Focusing on Health: Laboratory Exercises in Microbiology

By:
Derek Weber, Ph.D.

This manual provides microbiology students with clinically relevant, real-world learning opportunities set within the framework of the microbiology laboratory. Each exercise contains a Focusing on Health section that interweaves material from the laboratory with applications in public health and/or the clinic. These vignettes aim to build student interest and connections, consistent with recommendations from the Vision and Change report. For instructors, this integration creates the opportunity for productive discussion of the impact of microbes on human health throughout the term.

Outstanding Features:

  • Illustrations That Instruct: Professional, full-color illustrations are designed to teach difficult concepts.
  • Full-Color Photographs: Expected Results sections contain high quality photographs and intentionally placed information boxes to assist students in interpreting results.
  • Clear Organization: Each exercise is predictably organized into the following sections: Learning Objectives, Underlying Theory, Focusing on Health, Materials and Procedure, Expected Results, References, and Review Your Understanding Assessments.
  • Investigative Exercises: A unit on definitive diagnosis tasks students with designing an experimental approach to identifying unknown bacteria.
  • Gradable Assessments: Assessments, aligned with stated learning outcomes, are available within the manual and for integration with most Learning Management Systems.
  • Student Safety: Biosafety-level 1 (BSL-1) bacteria are used throughout the manual in support of teaching labs not equipped to use BSL-2, with few exceptions.
Available in Digital and Interactive Format

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Table of Contents

Unit 1: Microscopy and Staining

  • Exercise 1: Introduction to the Light Microscope
  • Exercise 2: Simple Stain
  • Exercise 3: Gram Stain
  • Exercise 4: Acid-Fast Staining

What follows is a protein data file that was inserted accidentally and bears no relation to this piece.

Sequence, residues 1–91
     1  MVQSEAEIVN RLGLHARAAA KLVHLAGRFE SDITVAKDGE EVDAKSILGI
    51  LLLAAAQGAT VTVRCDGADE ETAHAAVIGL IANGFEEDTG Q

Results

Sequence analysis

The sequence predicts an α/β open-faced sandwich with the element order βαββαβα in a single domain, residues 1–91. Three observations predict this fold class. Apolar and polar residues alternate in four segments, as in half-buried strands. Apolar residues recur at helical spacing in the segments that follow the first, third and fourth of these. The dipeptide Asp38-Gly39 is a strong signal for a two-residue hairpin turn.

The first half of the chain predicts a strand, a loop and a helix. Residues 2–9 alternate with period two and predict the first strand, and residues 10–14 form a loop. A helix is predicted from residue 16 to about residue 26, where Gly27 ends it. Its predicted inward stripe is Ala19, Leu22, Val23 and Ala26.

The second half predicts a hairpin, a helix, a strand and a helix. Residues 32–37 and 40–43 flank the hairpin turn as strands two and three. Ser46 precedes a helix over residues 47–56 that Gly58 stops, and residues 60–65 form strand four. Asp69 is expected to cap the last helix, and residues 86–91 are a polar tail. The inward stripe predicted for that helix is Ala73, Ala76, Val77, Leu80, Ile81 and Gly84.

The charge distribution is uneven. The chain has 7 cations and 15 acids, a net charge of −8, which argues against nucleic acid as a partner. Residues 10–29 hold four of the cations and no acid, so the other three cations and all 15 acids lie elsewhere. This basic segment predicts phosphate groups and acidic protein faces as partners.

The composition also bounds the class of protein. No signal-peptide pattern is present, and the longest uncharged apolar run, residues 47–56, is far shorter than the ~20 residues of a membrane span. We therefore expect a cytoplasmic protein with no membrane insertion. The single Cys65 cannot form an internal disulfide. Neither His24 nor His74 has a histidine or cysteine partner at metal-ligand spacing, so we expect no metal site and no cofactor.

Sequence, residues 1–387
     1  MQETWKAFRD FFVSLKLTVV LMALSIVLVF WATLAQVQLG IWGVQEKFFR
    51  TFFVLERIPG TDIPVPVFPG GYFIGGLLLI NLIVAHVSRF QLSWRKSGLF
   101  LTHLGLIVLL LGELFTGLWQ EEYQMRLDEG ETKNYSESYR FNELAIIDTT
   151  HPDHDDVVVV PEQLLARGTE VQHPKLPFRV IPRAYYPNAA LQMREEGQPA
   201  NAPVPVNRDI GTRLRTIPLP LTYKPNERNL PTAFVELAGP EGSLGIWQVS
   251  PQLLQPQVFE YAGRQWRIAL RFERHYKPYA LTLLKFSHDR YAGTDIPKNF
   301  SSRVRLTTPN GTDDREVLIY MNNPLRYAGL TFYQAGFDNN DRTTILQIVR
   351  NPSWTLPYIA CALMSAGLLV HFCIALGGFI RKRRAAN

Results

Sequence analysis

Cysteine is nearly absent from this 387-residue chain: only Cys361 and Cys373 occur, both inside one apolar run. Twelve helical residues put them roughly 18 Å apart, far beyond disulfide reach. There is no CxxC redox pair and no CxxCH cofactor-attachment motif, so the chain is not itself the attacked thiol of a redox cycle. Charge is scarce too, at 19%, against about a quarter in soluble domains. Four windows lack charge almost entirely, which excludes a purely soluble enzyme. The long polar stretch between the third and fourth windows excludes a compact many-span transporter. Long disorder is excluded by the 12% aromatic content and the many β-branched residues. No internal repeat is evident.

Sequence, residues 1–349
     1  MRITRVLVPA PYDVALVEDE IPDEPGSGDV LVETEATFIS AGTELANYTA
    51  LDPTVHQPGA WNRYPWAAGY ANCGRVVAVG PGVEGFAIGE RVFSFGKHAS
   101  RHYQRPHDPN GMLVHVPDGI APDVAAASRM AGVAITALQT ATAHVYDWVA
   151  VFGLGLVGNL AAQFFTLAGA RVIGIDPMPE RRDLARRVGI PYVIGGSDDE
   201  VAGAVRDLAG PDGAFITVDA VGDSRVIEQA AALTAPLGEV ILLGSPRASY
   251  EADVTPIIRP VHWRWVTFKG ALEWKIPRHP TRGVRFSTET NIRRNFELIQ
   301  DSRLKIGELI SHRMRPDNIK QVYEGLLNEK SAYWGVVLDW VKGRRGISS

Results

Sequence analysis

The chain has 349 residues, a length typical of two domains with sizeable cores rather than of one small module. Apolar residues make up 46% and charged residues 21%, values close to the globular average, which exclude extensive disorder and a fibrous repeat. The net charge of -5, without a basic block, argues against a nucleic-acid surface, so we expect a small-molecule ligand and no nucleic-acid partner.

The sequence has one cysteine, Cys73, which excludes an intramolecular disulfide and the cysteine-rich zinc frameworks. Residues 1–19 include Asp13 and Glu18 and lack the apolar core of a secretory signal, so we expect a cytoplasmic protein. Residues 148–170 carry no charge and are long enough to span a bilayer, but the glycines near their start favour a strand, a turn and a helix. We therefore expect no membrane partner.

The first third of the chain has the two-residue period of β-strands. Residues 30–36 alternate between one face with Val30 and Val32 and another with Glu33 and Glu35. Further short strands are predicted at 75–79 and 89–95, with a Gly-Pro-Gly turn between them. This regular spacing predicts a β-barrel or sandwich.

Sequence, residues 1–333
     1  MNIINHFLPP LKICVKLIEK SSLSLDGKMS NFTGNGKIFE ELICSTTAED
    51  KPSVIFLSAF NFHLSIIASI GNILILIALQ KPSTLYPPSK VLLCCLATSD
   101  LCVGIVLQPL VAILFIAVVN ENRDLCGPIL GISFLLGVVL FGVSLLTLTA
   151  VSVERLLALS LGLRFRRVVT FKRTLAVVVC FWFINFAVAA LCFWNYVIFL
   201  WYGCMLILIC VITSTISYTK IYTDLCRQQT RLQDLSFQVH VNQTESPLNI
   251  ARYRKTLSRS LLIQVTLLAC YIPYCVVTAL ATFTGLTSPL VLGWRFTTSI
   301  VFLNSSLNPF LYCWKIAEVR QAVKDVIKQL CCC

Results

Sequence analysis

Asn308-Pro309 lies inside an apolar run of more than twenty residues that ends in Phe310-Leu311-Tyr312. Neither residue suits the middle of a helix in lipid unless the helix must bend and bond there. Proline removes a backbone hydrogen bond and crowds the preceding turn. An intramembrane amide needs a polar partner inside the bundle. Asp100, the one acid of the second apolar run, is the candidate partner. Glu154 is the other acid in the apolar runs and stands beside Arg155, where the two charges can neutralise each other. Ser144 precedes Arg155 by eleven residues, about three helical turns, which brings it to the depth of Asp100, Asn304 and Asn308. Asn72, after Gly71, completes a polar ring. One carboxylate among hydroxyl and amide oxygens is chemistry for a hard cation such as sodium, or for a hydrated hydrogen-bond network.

• Exercise 5: Endospore Staining
  • Exercise 6: Negative Staining
  • Exercise 7: Capsule Stain
  • Exercise 8: Fungi: Yeasts and Molds
  • Exercise 9: Parasitic Protozoans
  • Exercise 10: Medically Importatnt Helminths

Unit 2: Culture Techniques

  • Exercise 11: Aseptic Technique
  • Exercise 12: Cultural Characteristics of Microorganisms
  • Exercise 13: Evaluation of Growth Media
  • Exercise 14: Streak Plate Isolation
  • Exercise 15: Phenylethyl Alcohol Agar (PEA)
  • Exercise 16: Mannitol Salt Agar (MSA)
  • Exercise 17: Eosin-Methylene Blue Agar (EMB)
  • Exercise 18: MacConkey Agar
  • Exercise 19: Blood Agar
  • Exercise 20: Anaerobic Culture

Unit 3: Biochemical Characterization

  • Exercise 21: Phenol Red Broth
  • Exercise 22: Triple Sugar Iron Agar
  • Exercise 23: Starch Hydrolysis (Amylase Test)
  • Exercise 24: Lipid Hydrolysis (Lipase Test)
  • Exercise 25: Casein Hydrolysis (Casease Test)
  • Exercise 26: Gelatin Hydrolysis (Gelatinase Test)
  • Exercise 27: Catalase Test
  • Exercise 28: Oxidase Test
  • Exercise 29: SIM Medium
  • Exercise 30: Methyl Red and Voges-Proskauer Tests
  • Exercise 31: Simmons Citrate Agar
  • Exercise 32: Nitrate Reduction Broth
  • Exercise 33: Urease Test
  • Exercise 34: Phenylalanine Deaminase Test
  • Exercise 35: EnteroPluri-Test

Unit 4: Serological and Genetic Analysis

  • Exercise 36: Bacterial Transformation
  • Exercise 37: Slide Agglutination: Coagulase Assay

Unit 5: Definitive Diagnosis

  • Exercise 37: Slide Agglutination: Coagulase Assay
  • Exercise 39: Identification of Gram-positive Cocci: Infection of a Surgical Wound
  • Exercise 40: Identification of an Unknown Bacteria: Infection of the Blood and Neonatal Sepsis

Unit 6: Control of Microbial Growth

  • Exercise 41: Effects of Oxygen on Growth
  • Exercise 42: Effects of Temperature on Growth
  • Exercise 43: Effects of pH on Growth
  • Exercise 44: Osmotic Growth
  • Exercise 45: Effects of Ultraviolet Radiation on Growth
  • Exercise 46: Effectiveness of Hand Washing
  • Exercise 47: Evaluation of Disinfectants: The Filter Paper Disk Method
  • Exercise 48: Evaluation of Antibiotics: The Kirby-Bauer Method

Chapter Sample

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About the Author

Derek Weber is a professor of biology and microbiology at Raritan Valley Community College in Somerville, NJ. He received his B.S. in Chemistry from Moravian College in Bethlehem, PA and a Ph.D. in Biomolecular Chemistry from the University of Wisconsin-Madison. His current scholarly work focuses on the intentional integration of instructional technology and the introduction of clinically-relevant material to create an active and engaging learning environment across all methods of course delivery. His work has been recognized with multiple recognitions and awards, including the Award for Innovative Excellence in Teaching, Learning and Technology at the International Teaching and Learning Conference. Derek is a member of the American Society for Microbiology and regularly attends the annual American Society for Microbiology Conference for Undergraduate Educators (ASMCUE) each summer.

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